On Tea, Confabulation and Being Lazy: Interviewing Chengdu Icon Li Bo Qing

Li Bo Qing (???) is a famous and beloved Sichuan comedian known for earthy style of analyzing day to day social issues particular to Chengdu and Sichuan. At the height of his fame during the 1990s, pretty much everyone in Chengdu turned his show on and chuckled for an hour.

Now Li Bo Qing spends a lot of time at temples around southwest China, mostly in Guizhou. He never carries a phone with him, but he keeps a steady Weibo presence, maintains Douban and Facebook pages and his son is always by his side to take care of any unimportant business. You can also access a collection of his shows on Tudou.

I managed to get him on the phone to talk about Chengdu’s lifestyle and tea houses recently, and here are some excerpts:

On Chengdu Being a Lazy Metropolis

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“The outside world thinks that Chengdu is really slow, but that’s just the surface, the first impression. But really Chengdunese just know how to take it easy. A Chengdunese might say, ‘if it can be done, great, if not … well we’ll just see how the chips fall,’ – that way life isn’t such a drag.”

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“Only in Chengdu will you see a guy roll up in a Benz and order chuanchuan, (the Chengdunese version of Chongqing hotpot that uses kebabs instead of a boiling pot). No other city has that type of culture. People’s attitudes are really the key. As long as there are people and the need to be social, then the natural, easy-going lifestyle of Chengdu will always be there.”

On Teahouse Culture in Chengdu

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“If we’re going to speak of teahouses in Chengdu, then we have to mention the Heming Teahouse in People’s Park. Old men smoking pipes rub shoulders with young jetsetters here and everyone sits and chats all day. That’s the real Chengdu.”

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Li Boqing“If you don’t spend time chilling in teahouse, you know nothing of life. That’s how Chengdunese view tea culture.”

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“Teahouses were traditionally the source of all information for locals. Before there was the Internet or TV the people went to the teahouse to find out what was going on or to solve a problem.  If you want to know what’s going on in Chengdu, understand what the local people think about a certain topic or just gather information from all manner of sources, there really is no better way to do it than by drinking tea and chatting.”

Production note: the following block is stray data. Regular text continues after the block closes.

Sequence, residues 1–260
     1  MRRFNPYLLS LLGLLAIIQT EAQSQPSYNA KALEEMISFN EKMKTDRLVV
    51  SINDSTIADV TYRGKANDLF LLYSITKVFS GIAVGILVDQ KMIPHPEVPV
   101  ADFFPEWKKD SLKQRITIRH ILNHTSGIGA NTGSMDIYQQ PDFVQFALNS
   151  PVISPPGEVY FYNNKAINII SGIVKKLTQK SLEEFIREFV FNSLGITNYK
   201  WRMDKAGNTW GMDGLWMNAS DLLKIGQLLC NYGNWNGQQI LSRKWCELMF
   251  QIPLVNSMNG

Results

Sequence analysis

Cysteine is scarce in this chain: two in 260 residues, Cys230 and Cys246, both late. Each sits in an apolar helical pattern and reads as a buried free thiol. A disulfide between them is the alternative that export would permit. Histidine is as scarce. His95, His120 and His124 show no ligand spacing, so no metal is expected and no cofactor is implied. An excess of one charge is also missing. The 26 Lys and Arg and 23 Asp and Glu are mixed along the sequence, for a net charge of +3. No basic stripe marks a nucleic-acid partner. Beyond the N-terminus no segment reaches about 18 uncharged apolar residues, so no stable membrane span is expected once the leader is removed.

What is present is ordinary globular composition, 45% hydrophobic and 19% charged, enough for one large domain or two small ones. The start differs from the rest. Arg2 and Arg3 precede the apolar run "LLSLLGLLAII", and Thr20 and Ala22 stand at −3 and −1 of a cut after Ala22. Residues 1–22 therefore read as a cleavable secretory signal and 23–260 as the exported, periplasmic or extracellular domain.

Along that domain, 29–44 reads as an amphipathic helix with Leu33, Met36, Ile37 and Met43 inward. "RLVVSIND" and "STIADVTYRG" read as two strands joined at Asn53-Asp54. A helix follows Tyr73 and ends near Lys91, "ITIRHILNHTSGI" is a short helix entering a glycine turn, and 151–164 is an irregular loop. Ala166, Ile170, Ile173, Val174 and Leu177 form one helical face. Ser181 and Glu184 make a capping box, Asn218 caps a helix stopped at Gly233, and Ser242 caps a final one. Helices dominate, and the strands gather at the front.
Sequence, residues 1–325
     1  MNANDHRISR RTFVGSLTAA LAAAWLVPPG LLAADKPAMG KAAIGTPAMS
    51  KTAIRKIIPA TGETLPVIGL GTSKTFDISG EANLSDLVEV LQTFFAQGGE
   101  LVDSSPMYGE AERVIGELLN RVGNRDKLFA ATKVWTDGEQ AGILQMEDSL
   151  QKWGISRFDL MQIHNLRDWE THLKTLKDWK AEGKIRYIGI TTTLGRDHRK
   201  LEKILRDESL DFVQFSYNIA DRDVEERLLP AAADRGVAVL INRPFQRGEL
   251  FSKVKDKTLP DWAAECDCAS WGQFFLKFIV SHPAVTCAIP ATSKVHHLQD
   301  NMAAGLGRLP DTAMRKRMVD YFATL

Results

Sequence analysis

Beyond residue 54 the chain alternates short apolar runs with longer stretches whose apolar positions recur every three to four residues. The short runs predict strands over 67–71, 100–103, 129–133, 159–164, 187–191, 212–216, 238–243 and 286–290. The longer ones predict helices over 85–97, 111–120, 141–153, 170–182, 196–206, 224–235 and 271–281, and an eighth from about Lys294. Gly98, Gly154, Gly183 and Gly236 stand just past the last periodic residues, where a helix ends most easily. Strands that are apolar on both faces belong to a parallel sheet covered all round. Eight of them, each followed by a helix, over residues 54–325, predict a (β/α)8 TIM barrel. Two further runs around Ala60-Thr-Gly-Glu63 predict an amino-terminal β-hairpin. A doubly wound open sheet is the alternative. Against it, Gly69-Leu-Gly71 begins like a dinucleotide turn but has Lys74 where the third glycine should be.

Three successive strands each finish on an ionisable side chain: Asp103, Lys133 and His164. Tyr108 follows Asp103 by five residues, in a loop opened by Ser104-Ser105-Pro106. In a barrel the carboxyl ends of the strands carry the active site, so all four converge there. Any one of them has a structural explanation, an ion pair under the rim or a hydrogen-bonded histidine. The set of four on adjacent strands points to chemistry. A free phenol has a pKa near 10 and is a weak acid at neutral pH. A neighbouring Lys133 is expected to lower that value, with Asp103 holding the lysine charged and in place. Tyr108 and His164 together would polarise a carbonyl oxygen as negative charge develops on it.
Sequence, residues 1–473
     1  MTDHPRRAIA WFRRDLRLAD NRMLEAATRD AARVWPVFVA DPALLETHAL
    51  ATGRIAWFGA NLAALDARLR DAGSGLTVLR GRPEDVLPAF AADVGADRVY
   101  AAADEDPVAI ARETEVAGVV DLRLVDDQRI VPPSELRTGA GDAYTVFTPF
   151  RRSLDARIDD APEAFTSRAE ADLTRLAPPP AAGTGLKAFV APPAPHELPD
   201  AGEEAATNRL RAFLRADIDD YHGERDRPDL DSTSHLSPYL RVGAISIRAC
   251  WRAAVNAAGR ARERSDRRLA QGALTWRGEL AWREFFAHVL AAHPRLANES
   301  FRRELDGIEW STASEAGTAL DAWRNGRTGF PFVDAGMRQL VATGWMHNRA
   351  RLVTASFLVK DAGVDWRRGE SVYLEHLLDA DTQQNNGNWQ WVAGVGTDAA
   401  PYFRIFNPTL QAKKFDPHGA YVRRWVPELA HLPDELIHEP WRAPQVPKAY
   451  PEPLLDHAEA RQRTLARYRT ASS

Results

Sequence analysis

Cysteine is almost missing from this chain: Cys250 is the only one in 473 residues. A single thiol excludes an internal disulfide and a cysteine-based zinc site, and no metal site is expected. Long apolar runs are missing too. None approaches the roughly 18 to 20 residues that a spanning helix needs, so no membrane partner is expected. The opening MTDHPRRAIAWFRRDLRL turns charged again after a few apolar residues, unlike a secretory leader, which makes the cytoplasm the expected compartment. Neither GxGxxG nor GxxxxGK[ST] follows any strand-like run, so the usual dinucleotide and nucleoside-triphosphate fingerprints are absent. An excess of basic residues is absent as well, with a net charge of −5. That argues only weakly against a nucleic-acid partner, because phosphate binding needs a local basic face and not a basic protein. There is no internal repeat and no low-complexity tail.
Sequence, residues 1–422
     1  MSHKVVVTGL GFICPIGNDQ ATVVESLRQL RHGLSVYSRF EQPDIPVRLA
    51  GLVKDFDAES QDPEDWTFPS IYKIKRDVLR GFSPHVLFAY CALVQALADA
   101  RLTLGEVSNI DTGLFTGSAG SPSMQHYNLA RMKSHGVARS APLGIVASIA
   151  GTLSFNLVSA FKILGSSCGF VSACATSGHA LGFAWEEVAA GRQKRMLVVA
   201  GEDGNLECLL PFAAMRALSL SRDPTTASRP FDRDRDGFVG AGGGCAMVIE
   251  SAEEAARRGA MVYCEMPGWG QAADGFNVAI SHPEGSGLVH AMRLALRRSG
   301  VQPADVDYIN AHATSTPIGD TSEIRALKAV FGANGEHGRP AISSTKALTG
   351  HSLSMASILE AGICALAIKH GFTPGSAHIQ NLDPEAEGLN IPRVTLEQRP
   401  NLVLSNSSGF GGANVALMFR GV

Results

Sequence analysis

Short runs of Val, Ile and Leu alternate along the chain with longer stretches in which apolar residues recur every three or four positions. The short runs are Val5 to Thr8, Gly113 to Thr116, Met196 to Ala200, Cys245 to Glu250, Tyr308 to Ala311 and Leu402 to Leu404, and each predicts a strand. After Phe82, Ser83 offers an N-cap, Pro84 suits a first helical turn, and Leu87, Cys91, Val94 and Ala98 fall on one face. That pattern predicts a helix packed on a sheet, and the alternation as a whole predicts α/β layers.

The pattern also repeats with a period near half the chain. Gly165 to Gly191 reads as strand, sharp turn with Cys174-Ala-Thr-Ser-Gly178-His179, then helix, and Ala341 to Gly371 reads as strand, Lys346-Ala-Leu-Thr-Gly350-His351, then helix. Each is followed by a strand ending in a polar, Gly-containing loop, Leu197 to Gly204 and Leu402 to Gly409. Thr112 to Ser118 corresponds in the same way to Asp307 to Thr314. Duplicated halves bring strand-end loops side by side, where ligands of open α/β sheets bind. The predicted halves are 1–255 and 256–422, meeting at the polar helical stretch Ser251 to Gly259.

“?????????????????????????????????????????????????????????????????????????????????????????????????????????????”

“A lot of young people don’t know: when the Cultural Revolution broke out, the first thing the authorities did was close the tea houses. Said they were havens for heretics and devils. Take a look at some of these old men who have never opened a book, but nevertheless have a firm grasp of history, culture, geography and so on. How do they do this? Through sitting at tea houses; that table discussing a topic, this table discussing another… just keep your ears open and the information will flow right in.”

The Meaning of Bai Long Men Zhen

(????, B?i lóngménzhèn) def. Gossip, spin a yarn, babble, confabulate

In Sichuan people use the phrase Bai Longmenzhen to describe what happens over a cup of tea or a pack of smokes. It might not seem like much (just people babbling), but for the local Chengdunese its an art form and an integral part of the culture.

Chengdu teahouse
Chengdu teahouse

The back story is interesting as well. Long Men Zhen (Dragongate Formation) is actually an encirclement ploy used to lure the enemy into a cul de sac and then surround and annihilate him. To properly pull off the Chinese version of this formation requires time, skill and methodical movements because the enemy should not be allowed to escape. Other notable examples of this formation is the lure Hannibal used to crush the Romans at the Battle of Cannae.

Why is this formation linked with the general idea of “babbling”? According to Li Bo Qing and other Chengdu sources, the time it takes to set up the formation corresponds with the time and effort it takes to have a proper all-encompassing confabulation session which lures in every topic, surrounds them and annihilates them over a cup of tea.

Teahouses in Chengdu

It would be irresponsible of me to yap all this time about… yapping… and not provide you with a little teahouse to yap in. Check out the map below for a partial list of high-brow and low-brow locations. Please feel free to suggest your own favorite teahouses in the comments below and we’ll add them to the map.


View Chengdu Teahouses in a larger map

My wife Zhang Yushi contributed (heavily) to this post, thank you!

14 thoughts on “On Tea, Confabulation and Being Lazy: Interviewing Chengdu Icon Li Bo Qing”

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  3. I feel kinda dumb for not having known who Li Boqing was. But then when I start asking around I’m like the man out for not knowing.

    Thanks for writing about this, once again demonstrating your deep knowledge of Sichuan culture.

    • yeah he’s a legend in Chengdu. Too bad there aren’t any of his shows with subtitles, although that would be really tough to pull off considering it’s all in deep deep Sichuan dialect.

      • Seriously, this is no joke. Although my Sichuanhua has improved a lot over the last 6 months since I’ve been getting massages twice weekly and those guys are constantly chatty with me.

        You should write a post sometime about Sichuanhua. Everyone in Chengdu seems to know you as “the foreigner who speaks Sichuanhua”. That’s always mentioned when your name comes up, hahaha.

  4. 采访李老师是件很酷的事!成都的说唱歌手们都很尊敬他,认为他是个很好的说唱歌手。马三采访李老师 太让我惊喜了!他说话很有意思。

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